Monday, 22 April 2013

Day 129: Gender politics, philosophy, polling and pumpkin whoopee pie.

Day 129 (13 Apr) is Saturday, my presentation is done so it's time to focus on the other panels over the next day and a half. Overnight, I've had another go at deciding which panels I want to many to choose from, not helped by the fact that my teaching, research and interests range over topics as diverse as psephology, women in politics, East Asian politics and security, political philosophy, international relations theory, anything to do with politics really...which is why it is really difficult to choose. 

Chicago skyline, at 6.12am
I start the day with a look out the window, I love the Chicago skyline and the view out my window, on the 17th floor is a great one...especially at 6.12am. The architecture in Chicago is truly something to marvel about. 

Anyway, I have decided, given all the choices, to head to the 8.30 panel on Inequality, Immigration and Gender in Japan. If you stay within a 'broad theme', you begin to bump into people you've met at other sessions and so conversations can continue. This is one of the good things about conferences. 

I spent a bit of time thereafter at a political philosophy 'roundtable' on Leo Strauss and also took some time out to look at the publishers' stands for the latest books and journals, and partake in the coffee stand offerings. The masses of books available served as a reminder of how little time we get to read these days and just how enormous our task is to stay on top of our discipline. In the culture of work intensification that is the modern university, we really are missing out on being able to do very interesting things, and ultimately the students pay the price. In the rush to account for every last fullstop, we are truly losing sight of bigger things.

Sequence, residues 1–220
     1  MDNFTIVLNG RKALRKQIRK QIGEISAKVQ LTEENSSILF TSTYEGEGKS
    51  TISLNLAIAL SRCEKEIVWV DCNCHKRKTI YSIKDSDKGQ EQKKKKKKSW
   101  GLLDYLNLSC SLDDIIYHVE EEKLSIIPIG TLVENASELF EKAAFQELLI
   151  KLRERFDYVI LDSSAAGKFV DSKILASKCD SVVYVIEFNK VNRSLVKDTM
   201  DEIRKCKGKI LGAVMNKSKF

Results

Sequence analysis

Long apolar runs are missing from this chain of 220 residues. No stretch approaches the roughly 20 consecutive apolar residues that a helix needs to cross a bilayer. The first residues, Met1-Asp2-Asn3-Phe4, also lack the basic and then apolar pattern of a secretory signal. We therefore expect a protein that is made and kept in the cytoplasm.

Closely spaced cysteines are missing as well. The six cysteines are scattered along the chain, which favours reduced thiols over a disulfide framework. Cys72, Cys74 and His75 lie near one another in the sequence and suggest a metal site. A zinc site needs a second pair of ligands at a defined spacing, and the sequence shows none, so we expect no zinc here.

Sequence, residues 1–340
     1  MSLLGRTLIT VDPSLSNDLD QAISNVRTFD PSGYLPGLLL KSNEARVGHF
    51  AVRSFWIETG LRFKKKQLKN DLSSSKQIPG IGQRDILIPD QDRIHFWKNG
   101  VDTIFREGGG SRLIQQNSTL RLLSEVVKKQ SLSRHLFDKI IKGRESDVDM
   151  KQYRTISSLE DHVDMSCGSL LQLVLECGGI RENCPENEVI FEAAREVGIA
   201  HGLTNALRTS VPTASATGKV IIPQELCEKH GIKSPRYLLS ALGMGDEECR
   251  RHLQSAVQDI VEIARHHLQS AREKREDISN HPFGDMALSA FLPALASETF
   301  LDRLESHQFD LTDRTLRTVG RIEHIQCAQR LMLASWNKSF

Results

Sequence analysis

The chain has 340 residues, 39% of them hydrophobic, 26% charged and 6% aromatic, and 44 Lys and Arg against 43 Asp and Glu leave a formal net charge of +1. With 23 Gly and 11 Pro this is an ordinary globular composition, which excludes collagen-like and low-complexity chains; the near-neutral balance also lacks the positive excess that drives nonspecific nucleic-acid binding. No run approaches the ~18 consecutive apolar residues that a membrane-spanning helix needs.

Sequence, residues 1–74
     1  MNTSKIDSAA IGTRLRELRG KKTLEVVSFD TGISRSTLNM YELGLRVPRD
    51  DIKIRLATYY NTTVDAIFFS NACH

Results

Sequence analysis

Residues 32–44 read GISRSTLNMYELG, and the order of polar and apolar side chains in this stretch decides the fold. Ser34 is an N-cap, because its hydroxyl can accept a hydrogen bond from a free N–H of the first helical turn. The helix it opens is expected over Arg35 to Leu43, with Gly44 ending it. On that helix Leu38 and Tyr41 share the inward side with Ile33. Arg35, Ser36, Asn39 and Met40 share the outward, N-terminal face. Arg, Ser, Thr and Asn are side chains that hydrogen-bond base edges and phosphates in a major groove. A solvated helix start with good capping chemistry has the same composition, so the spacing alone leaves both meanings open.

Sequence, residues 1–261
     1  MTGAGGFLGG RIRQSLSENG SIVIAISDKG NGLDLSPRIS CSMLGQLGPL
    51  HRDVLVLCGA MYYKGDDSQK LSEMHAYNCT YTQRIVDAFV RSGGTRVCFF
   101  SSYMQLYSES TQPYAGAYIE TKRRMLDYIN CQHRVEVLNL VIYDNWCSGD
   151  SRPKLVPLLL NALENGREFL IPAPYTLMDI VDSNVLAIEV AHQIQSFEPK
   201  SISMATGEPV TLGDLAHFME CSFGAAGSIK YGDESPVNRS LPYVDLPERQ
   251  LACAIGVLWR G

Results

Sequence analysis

Star panel, at 6.12pm
The first session after lunch was one on history and memory in Japan's foreign relations, a topic I had lectured on just the week before. Fumiko Sasaki who had been on my panel the day before was presenting another paper here and it was interesting to hear perspectives on Korea and Japan relations from different presenters. For the mid-afternoon session, I spoilt myself with another panel listening to philosophers discuss Rawls and Kant. 

The final session of the day had two competing 'star panels', a really tough choice. One was a roundtable on the 2012 election featuring 'names' in Nate Silver, Ezra Klein and former Brisbane lad and now Stanford professor, Simon Jackman. Not surprisingly the room was full of people interested both in the topic but also a bit of the 'star' factor. Some interesting points on polling which I will address over on the other blog in the next day or two. 

The other panel I didn't make (and many were annoyed the two were scheduled at the same time) addressed the passing of legislation recently in Congress which will make funding for political science research very difficult...and here in Australia we need to be aware of these trends, since we tend to pick up on them a little way down the track. 

End of a long day, I tried a 'pumpkin whoopee pie', because I am committed to trying local cuisine, of course...

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